Tomas Moniz wants his daughters to have vibrant sex lives.
“She was about 17, she’d had this boyfriend for like two years, I knew they were having sex and she asked me if he could spend the nights at our house.”
When Moniz writes in his award-winning zine, Rad Dad, about the importance of being open and reflective in tough parenting moments, he’s writing about moments like these.
“Of course my first thought is WHAT? HELL NO!” Moniz remembers. In principle, Moniz is sex-positive. He knows that conventional fatherly protectiveness implies a certain mistrust of young men’s sexuality and an underestimation of young women’s agency, but damn isn’t there room for some healthy denial and aversion of the eyes?
Though it is not his primary focus, Moniz’s newly released novella, “Bellies and Buffalos,” tenderly observes the interplay of two things we try to keep separate: parenting and sexuality. The novella is interested in all the ways we love each other and not so interested in making easy delineations between what is sexual and what is not. Reading the novella is an exercise in letting sexuality out into the light a little bit; letting it play with the other bits of life, giving it a chance to do more than sneak around in the shadows. The novella is less overtly sexual than a lot of Moniz’s writing and yet it has everything to do with sex. In “Bellies and Butterflies,” there are middle-aged men who go on road trips with strange teenage girls, and it’s not creepy. There are teenagers that make love by sketching each other. There are bodies that betray their domestication by romping in fields with buffaloes. Perhaps, if we meditate with Moniz on the expansiveness of sex, we won’t have to lie to ourselves about the fact that our daughters have it.
Rad Dad was created because Moniz needed help being a good parent. He found discourses on family building and “child-rearing” so bound up with conventional ideologies that radical politics were often at odds with the advice being peddled. “I wanted to hear from other people of color, from queer people, from broke people and activists and people with non-normative families” to learn how to extend radical principles to parenting. Moniz’s style of anarchism is about embodying one’s political ideals in daily life. He doesn’t buy the idea that our political agency can only be exercised by petitioning the Powers That Be and waiting to see what they decide. Instead, he’s devoted his political energies to fostering a community-built resource that helps us raise children who are open to difference, committed to cooperation, and capable of genuine love. Good politics will follow. “People are confused by the title ‘anarchist.’ Anarchism just recognizes the political nature of everything,” Moniz says. “I practice anarchism by being a good dad.”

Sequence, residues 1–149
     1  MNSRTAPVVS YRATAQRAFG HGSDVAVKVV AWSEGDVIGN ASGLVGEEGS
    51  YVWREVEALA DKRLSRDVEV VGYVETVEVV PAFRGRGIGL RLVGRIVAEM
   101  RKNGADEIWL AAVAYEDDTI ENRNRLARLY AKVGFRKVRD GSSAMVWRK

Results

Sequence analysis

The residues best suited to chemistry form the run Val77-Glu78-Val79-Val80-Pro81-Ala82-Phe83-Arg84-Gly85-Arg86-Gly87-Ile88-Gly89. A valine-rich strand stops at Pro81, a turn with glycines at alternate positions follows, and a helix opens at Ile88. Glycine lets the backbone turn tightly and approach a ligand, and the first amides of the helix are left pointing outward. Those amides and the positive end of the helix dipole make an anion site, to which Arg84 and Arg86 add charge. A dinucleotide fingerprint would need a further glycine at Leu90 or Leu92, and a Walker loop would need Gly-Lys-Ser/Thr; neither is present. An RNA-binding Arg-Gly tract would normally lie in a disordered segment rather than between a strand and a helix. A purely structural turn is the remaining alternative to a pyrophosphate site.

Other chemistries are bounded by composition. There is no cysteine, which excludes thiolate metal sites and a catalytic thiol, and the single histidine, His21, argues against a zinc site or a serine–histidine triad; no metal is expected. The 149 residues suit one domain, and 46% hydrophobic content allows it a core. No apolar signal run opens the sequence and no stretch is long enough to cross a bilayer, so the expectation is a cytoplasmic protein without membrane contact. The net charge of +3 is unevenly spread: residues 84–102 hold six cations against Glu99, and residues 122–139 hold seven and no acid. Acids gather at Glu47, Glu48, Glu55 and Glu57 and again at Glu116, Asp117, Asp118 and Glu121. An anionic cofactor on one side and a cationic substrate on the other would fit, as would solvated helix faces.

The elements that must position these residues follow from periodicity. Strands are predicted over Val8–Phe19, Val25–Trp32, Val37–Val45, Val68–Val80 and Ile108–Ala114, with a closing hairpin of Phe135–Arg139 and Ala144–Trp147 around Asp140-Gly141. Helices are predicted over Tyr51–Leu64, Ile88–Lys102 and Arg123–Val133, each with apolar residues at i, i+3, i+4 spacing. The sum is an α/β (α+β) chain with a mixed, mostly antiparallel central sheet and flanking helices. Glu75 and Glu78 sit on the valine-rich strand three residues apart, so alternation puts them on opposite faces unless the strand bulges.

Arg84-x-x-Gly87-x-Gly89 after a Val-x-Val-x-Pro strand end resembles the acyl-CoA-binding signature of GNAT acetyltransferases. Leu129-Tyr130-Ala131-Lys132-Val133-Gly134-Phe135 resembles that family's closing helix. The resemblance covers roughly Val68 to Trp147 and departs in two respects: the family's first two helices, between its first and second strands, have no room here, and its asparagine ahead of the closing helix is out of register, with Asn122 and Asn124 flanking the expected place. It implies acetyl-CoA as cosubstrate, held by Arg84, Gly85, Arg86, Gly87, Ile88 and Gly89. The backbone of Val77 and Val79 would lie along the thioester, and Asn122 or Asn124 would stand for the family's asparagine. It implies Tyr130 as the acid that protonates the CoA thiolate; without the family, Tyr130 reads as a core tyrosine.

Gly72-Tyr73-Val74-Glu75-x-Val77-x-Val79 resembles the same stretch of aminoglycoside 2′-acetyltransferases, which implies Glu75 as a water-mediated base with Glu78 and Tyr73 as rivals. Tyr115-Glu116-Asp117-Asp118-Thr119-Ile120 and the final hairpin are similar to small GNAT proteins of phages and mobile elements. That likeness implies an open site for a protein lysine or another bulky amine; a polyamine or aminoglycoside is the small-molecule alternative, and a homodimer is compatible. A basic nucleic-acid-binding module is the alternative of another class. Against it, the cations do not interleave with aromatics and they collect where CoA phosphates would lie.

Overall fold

Moniz is one of those special Bay Area people who creates the togetherness that is a condition for that particular urban magic we all pay inordinately high rent to live here for. As a young father, he organized a neighborhood child care collective and then built the network of writers and readers of “Rad Dad.” Now he hosts the Saturday Night Special open mic at Nick’s Lounge and the Lyrics and Dirges open mic at Pegasus Books, both in Berkeley. He also helped create the East Bay Alternative Book and Zine Fest, which takes place this year on December 7th and will feature readings by Steve Almond and Sister Spit, among others. Asked if he thinks community is a concept we dote on out of nostalgia or if it is acheivable, Moniz is enthusiastic: “Oh yes, definitely! That’s what’s so incredible about the Bay Area. I can barter my book for a bag of avocados and when strangers get together they’re usually interested in getting to know each other.”
Moniz is hopeful about the power of shared experiences of art to teach us empathy. “I’m serious about making sure that the readers at the open mics are not all white dudes,” he says. He’s fascinated by the way we each piece together an identity from sources that can be contradictory; the more fragmented the more interesting. His fiction tells stories of characters who negotiate a sense of belonging through a multiplicity of cultural niches. “It’s important to me that Sonny [the protagonist of Bellies and Buffalos] reflects an authentic Chicano experience,” Moniz says, “but also that Sonny does more than think about being Chicano all day.”
So, did he let his 17 year old daughter’s boyfriend spend the night? “Of course. I can’t say I’m sex-positive on the one hand and then create a practical barrier for my daughter to apply that principle,” Moniz says. “It’s about transparency and integrity and creating a relationship based on something other than authority.”
Join Moniz for a “Bellies and Buffalos” release party at Nick’s Lounge on Nov 30th.